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Sewer Leak Leads to Archaeological Discovery of Road Jesus Likely Walked in Jerusalem

by | Jul. 11, 2019

Mormon Life

In 2004, workers were summoned to repair a damaged sewer pipe. The pipe lay under a small potato field in the Palestinian Arab neighborhood of Silwan, in southeastern Jerusalem just outside the Old City walls. Following standard local practice, a team of archaeological observers accompanied them, wrote Yaakov Katz in "New Discovery in Jerusalem's City of David: 2,000-year-old Pilgimage Road," published June 30 in The Jerusalem Post, online at jpost.com

To their surprised delight, the team discovered several wide stairs located just a dozen yards from what they soon confirmed to be the ancient pool or “mikveh” of Shiloah. Ancient pilgrims would ritually immerse themselves at Shiloah in order to be cleansed for their climb up to Jerusalem’s temple, which loomed just above them to the north, wrote Katz about his tour of the discovery. Shiloah, which gave the Arab village of Silwan its name, appears in the New Testament as “Siloam” — figuring, for example, in the account of the healing of a blind man given at John 9:1-9.

A Palestinian worker sweeps dust from a recently discovered 2000-year-old road believed to be one used by Jewish pilgrims during the Second Temple period, on January 28, 2007 below the walls of the Old City of Jerusalem. Archaeologists working for an Israeli settlers association which has been active in buying Palestinian houses in Silwan village, which surrounds the biblical Siloam spring, and then populates them with Jews, announced last week they had uncovered this part of the road which they believe is the main pilgrims way from the spring to the 2nd Jewish Temple, which was destroyed by the Romans in 70 AD. Two thousand years ago, Jews living in ancient Jerusalem would purify themselves in the Siloam spring before making their way to prayers on the Temple Mount. (Photo by David Silverman/Getty Images)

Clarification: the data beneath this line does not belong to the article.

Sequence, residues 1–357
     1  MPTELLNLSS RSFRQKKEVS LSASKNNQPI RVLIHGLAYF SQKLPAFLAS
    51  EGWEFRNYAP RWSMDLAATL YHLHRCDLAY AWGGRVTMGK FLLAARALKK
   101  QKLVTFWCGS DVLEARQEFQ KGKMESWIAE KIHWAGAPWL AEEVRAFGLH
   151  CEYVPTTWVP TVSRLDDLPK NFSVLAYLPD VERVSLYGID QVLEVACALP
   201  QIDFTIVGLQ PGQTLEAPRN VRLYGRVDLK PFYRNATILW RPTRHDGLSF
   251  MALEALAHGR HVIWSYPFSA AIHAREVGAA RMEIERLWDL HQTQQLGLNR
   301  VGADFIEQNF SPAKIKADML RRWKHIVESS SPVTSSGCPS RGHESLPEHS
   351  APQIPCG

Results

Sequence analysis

A Palestinian worker sweeps dust from a recently discovered 2000-year-old road believed to be one used by Jewish pilgrims during the Second Temple period. (Photo by David Silverman/Getty Images)

Eventually, a largely intact ancient stone road was identified, extending from Silwan up to the area of what is known today as Robinson’s Arch, a partially surviving entrance to the southwestern corner of the ancient temple platform. The “Pilgrim’s Road” or “Pilgrimage Road,” as it’s coming to be called, is approximately 2,000 old and is very likely the path that Jesus and his disciples — like other Jewish leaders and sages, as well as ordinary people — would have taken to ascend to the temple of Jerusalem, Katz reported.

Article by Daniel Peterson; images from Getty Images. Lead image of Palestinian workers taking a break from cleaning the Siloam spring, used by Jewish pilgrims during the Second Temple period, on January 28, 2007, below the walls of the Old City of Jerusalem. Archaeologists working for an Israeli settlers association announced they had found what they believe is the main pilgrims way from the spring to the 2nd Jewish Temple, which was destroyed by the Romans in 70 AD. Two thousand years ago, Jews living in ancient Jerusalem would purify themselves in the Siloam spring before making their way to prayers on the Temple Mount. (Photo by David Silverman/Getty Images)
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